Who might consider having a genetic test for a cancer gene mutation?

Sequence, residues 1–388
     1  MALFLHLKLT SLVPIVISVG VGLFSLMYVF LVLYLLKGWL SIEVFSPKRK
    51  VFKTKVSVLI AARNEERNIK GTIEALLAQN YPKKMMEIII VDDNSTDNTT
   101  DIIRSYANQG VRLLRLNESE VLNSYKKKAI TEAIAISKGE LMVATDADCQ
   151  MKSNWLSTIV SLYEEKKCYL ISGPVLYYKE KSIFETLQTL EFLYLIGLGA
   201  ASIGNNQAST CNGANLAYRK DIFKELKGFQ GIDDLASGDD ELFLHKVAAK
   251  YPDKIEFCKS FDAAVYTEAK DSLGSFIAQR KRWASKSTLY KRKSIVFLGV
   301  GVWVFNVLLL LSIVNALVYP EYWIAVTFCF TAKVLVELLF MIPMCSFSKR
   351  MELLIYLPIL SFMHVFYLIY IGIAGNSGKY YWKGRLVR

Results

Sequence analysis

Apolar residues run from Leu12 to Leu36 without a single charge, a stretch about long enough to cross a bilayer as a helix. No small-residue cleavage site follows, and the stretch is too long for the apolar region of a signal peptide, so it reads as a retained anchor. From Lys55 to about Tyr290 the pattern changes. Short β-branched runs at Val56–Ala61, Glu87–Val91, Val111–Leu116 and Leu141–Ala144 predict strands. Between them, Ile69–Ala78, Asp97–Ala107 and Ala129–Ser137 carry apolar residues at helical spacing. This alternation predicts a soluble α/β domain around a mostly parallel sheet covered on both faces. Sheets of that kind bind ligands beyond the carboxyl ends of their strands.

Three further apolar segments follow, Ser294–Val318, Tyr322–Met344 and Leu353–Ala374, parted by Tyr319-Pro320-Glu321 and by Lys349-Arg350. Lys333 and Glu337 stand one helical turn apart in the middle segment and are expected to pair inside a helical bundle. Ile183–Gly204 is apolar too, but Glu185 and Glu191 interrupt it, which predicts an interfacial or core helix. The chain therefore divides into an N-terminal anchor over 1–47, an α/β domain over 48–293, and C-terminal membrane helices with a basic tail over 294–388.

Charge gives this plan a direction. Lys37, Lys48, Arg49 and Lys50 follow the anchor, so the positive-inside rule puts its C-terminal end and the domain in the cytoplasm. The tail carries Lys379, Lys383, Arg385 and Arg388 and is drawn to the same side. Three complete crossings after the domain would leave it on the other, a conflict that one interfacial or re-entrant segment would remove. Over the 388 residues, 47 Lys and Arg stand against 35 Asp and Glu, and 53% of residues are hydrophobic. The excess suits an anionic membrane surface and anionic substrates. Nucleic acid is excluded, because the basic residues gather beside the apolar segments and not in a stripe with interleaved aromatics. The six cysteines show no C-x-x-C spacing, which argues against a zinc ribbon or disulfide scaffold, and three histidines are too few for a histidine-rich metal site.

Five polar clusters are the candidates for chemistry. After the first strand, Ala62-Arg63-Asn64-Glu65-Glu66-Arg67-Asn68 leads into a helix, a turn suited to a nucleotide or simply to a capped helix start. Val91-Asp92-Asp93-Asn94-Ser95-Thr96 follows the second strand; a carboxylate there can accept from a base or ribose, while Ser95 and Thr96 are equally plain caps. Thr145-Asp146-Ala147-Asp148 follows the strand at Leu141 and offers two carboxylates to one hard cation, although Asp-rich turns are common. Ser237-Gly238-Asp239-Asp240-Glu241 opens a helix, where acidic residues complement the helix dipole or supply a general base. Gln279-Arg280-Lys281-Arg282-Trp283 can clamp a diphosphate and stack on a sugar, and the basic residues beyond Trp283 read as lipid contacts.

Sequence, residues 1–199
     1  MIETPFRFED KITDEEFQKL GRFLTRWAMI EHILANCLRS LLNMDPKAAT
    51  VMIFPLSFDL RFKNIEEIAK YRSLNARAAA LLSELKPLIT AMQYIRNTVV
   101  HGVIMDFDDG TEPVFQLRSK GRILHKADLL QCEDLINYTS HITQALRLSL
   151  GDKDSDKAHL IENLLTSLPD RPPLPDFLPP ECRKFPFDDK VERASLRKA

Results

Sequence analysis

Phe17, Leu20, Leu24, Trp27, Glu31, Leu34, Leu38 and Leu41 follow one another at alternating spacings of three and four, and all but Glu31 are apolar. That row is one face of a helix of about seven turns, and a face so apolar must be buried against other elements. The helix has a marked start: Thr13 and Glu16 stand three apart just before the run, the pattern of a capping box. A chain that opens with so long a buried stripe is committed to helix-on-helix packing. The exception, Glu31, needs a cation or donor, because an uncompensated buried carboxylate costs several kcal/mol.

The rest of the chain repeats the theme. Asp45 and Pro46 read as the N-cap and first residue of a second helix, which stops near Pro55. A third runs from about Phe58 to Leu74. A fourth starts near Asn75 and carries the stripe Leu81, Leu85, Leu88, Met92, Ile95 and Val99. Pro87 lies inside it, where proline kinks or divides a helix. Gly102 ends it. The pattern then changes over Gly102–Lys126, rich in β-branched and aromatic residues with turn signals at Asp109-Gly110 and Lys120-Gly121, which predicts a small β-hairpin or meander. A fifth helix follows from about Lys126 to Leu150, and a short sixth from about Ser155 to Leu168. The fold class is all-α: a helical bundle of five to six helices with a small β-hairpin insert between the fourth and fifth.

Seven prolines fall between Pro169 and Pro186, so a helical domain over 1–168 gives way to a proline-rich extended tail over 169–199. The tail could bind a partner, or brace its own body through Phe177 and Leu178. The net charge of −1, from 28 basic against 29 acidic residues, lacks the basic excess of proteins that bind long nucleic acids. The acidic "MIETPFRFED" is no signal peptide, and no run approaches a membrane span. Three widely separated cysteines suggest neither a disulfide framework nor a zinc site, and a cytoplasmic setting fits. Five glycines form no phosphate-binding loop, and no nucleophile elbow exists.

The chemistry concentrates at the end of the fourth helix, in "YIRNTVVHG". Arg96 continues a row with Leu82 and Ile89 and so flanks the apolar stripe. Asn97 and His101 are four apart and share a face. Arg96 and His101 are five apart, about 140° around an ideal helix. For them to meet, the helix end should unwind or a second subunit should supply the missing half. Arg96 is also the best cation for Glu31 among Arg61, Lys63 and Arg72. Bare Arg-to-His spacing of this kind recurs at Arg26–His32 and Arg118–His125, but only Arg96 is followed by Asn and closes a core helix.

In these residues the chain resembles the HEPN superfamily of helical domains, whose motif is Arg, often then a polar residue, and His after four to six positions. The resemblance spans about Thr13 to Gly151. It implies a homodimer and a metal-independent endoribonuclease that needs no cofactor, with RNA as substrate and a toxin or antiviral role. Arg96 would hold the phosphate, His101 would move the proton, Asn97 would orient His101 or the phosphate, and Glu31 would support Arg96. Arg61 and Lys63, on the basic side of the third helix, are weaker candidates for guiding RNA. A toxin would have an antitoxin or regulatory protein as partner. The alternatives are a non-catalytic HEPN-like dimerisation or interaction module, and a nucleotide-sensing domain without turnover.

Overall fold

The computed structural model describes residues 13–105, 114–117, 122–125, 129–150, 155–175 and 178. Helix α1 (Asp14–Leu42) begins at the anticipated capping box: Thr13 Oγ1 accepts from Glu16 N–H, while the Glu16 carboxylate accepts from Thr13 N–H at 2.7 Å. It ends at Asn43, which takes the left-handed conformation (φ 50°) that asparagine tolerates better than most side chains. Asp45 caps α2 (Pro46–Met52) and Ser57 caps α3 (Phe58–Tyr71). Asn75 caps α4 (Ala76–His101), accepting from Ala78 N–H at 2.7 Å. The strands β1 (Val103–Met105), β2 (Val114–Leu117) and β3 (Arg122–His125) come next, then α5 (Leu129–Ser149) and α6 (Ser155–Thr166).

Genetic testing is a process for families, not for individual women. Because there are so many BRCA1 and 2 mutations, it is important to investigate a particular mutation over generations and to identify its connection to the incidence of breast or ovarian cancer in that family. Families that might wish to consider genetic counseling — a necessary first step before genetic testing — include those with four or more women who have had breast or ovarian cancer across at least two generations; those with a blood relative who has had both breast and ovarian cancer; or those with male relatives who have had breast cancer. A woman who was diagnosed with breast or ovarian cancer before age 45 might want genetic counseling, even if she had only a few relatives with a history of the disease, because of the possibility of a rare genetic problem that could affect her sisters and children (of either sex). Remember, too, that genetic counseling is available to any woman who is concerned about her